To see: Kidepo national park

12 July 2021

On our website, we publish articles about Karamoja. News, stories about the community, culture, economy and development. But we never wrote about the beautiful and rich nature in Karamoja. With Kidepo national park in Kaabong, northeast Uganda, as an absolute highlight. Read more about this incredible national park and see the photos Dorian Cosijnse took in the park.

Kidepo was originally inhabited by the Dodoth herders (Karamojong clan) and Ik farmers. The area was designated by the British colonial rulers as a game reserve in 1958. The local people were forced to migrate. The Ik migrated to mount Morungole. The Dodoth migrated to other parts of Kaabong. Milton Obote, the first president of Uganda, changed Kidepo into a national park in 1962.

Kidepo is a valley, surrounded by beautiful mountain ranges on the borders of Kenya and South-Sudan. In the park, you can find leopards, elefants, lions, zebra’s, huge herds of buffaloes, gazelle’s, wardhogs, ostriches, jackals and a variety of bird species. Even Uganda’s national bird, the Crested Crane, can be found in Kidepo. The scenery is breathtaking.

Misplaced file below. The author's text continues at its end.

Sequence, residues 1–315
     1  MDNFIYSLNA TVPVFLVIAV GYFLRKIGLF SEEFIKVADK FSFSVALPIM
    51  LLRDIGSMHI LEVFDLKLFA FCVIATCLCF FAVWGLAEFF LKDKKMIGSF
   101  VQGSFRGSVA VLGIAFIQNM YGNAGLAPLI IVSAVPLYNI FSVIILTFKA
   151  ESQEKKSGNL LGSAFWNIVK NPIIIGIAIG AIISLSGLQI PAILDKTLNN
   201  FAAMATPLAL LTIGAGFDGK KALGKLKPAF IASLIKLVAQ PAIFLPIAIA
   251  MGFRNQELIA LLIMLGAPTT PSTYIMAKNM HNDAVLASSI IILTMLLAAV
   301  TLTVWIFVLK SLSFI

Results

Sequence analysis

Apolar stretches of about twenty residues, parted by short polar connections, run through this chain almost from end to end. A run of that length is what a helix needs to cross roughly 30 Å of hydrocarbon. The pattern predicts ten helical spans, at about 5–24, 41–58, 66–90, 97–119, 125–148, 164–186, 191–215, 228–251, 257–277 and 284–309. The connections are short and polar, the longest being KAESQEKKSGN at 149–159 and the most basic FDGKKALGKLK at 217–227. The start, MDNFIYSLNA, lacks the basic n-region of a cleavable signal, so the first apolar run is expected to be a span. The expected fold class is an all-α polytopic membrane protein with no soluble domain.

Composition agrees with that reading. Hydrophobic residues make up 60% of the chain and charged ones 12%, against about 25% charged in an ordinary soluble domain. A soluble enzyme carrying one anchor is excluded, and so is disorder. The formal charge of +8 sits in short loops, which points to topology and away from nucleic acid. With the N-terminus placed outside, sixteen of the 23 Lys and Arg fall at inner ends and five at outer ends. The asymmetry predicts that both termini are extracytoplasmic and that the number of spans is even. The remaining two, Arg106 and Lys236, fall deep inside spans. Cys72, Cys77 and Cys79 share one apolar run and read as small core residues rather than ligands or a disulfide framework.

Kidepo is the third largest park in Uganda, following Murchisons and Queen Elizabeth. But you will find few tourists in the park. It’s a long 8 hour drive on muddy roads full of potholes and bumps. But once you complete the journey, you’ll not stand in line to see a lion!

The park is protected by 120 rangers, preventing poaching and protecting nature. They work closely together with the local communities and continue to emphasize the positive effects of nature conservation. The local communities know the law against hunting. Illegal trade and poaching does occur, but mainly by other tribes from Kenya and South-Sudan. The local community is beginning to benefit from increased tourism in the park, through employment opportunities in lodges and increased cultural tourism. The park has the potential to contribute largely to the development of the local population, as long as they are actively involved.

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